By ensuring your sales staff has access to marketing plans and priorities, you’re guaranteeing your sales representatives have a solid awareness of your prospects’ whole start-to-finish buyer’s journey, allowing them to meet prospects wherever and whenever they want to be met.

In addition, Hambor notes that he often conducts weekly happy hours, team competitions, and other more informal activities to foster team cohesion. Create a quarterly remote happy hour, quiz game, or cross-departmental bonding activity to help unify your sales and marketing teams.

Finally, whether your teams are remote, in-person, or a hybrid of the two, Hambor believes it’s critical as a manager to demonstrate that you care about your workers’ well-being. “It’s critical that you enquire how your staff are doing… and genuinely care,” Hambor explains. They might be going through something you aren’t aware of. It’s critical that you really care about their well-being and success. The last thing you want is for your distant employees to feel alone and uncomfortable enough to reach out and seek for assistance.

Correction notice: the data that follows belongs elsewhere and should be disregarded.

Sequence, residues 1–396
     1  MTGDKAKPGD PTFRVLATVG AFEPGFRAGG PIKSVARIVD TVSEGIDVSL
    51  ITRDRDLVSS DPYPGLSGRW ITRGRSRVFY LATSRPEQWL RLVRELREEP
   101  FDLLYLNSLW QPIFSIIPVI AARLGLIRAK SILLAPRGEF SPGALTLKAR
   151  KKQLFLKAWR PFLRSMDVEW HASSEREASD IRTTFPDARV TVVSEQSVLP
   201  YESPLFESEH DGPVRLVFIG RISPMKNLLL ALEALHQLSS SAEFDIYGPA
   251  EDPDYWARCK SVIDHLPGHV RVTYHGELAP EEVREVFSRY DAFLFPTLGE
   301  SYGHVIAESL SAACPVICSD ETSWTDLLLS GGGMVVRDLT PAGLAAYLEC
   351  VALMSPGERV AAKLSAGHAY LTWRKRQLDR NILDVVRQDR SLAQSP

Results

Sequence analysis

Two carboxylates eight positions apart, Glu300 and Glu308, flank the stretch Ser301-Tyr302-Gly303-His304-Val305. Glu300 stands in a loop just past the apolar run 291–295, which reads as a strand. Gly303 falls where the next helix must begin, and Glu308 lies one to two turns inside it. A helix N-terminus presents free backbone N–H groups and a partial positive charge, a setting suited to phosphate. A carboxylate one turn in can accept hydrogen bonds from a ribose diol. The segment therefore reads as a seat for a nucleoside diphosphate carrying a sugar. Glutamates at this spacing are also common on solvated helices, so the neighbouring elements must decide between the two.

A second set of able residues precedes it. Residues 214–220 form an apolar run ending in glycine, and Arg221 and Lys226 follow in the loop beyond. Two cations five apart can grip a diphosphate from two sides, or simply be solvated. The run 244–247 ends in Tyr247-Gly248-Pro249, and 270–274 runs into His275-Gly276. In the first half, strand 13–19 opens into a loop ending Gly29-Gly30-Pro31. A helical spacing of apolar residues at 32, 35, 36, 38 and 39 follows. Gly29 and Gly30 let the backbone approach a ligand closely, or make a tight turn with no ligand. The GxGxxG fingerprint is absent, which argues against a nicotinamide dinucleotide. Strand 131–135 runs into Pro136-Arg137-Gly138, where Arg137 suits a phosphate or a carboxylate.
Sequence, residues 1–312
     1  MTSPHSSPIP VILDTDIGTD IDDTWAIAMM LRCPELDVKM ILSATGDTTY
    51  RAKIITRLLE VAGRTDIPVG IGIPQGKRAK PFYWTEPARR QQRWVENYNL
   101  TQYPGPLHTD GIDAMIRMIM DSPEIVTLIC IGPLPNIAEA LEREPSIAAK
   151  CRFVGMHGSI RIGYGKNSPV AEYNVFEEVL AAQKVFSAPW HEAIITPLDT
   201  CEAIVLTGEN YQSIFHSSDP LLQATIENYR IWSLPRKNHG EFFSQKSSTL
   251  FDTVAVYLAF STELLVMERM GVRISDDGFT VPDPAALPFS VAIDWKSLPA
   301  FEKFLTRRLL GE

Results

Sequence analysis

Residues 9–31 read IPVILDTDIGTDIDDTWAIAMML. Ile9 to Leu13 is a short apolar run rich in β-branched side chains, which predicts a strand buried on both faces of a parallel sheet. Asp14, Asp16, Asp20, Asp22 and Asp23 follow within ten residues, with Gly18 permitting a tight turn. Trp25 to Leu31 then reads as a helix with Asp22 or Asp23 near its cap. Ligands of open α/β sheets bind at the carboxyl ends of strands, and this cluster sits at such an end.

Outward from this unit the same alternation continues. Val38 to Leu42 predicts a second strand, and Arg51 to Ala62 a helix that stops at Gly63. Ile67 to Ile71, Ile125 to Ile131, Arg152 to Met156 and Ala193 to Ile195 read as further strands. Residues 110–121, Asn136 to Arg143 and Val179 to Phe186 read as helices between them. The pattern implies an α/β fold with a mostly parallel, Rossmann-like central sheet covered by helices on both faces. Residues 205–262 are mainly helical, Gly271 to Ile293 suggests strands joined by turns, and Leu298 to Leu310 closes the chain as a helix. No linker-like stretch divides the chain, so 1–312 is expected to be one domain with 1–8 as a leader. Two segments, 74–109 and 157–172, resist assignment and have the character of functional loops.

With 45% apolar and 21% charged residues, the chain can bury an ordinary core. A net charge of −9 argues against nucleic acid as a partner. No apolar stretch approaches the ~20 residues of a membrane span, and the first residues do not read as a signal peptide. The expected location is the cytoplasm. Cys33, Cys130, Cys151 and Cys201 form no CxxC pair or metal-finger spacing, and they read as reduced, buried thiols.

After implementing some of the aforementioned techniques, try issuing a survey to your sales and marketing teams to gain feedback on other possible possibilities for cross-departmental collaboration and partnership. Your marketing and sales teams, as well as your prospects and customers, will be grateful.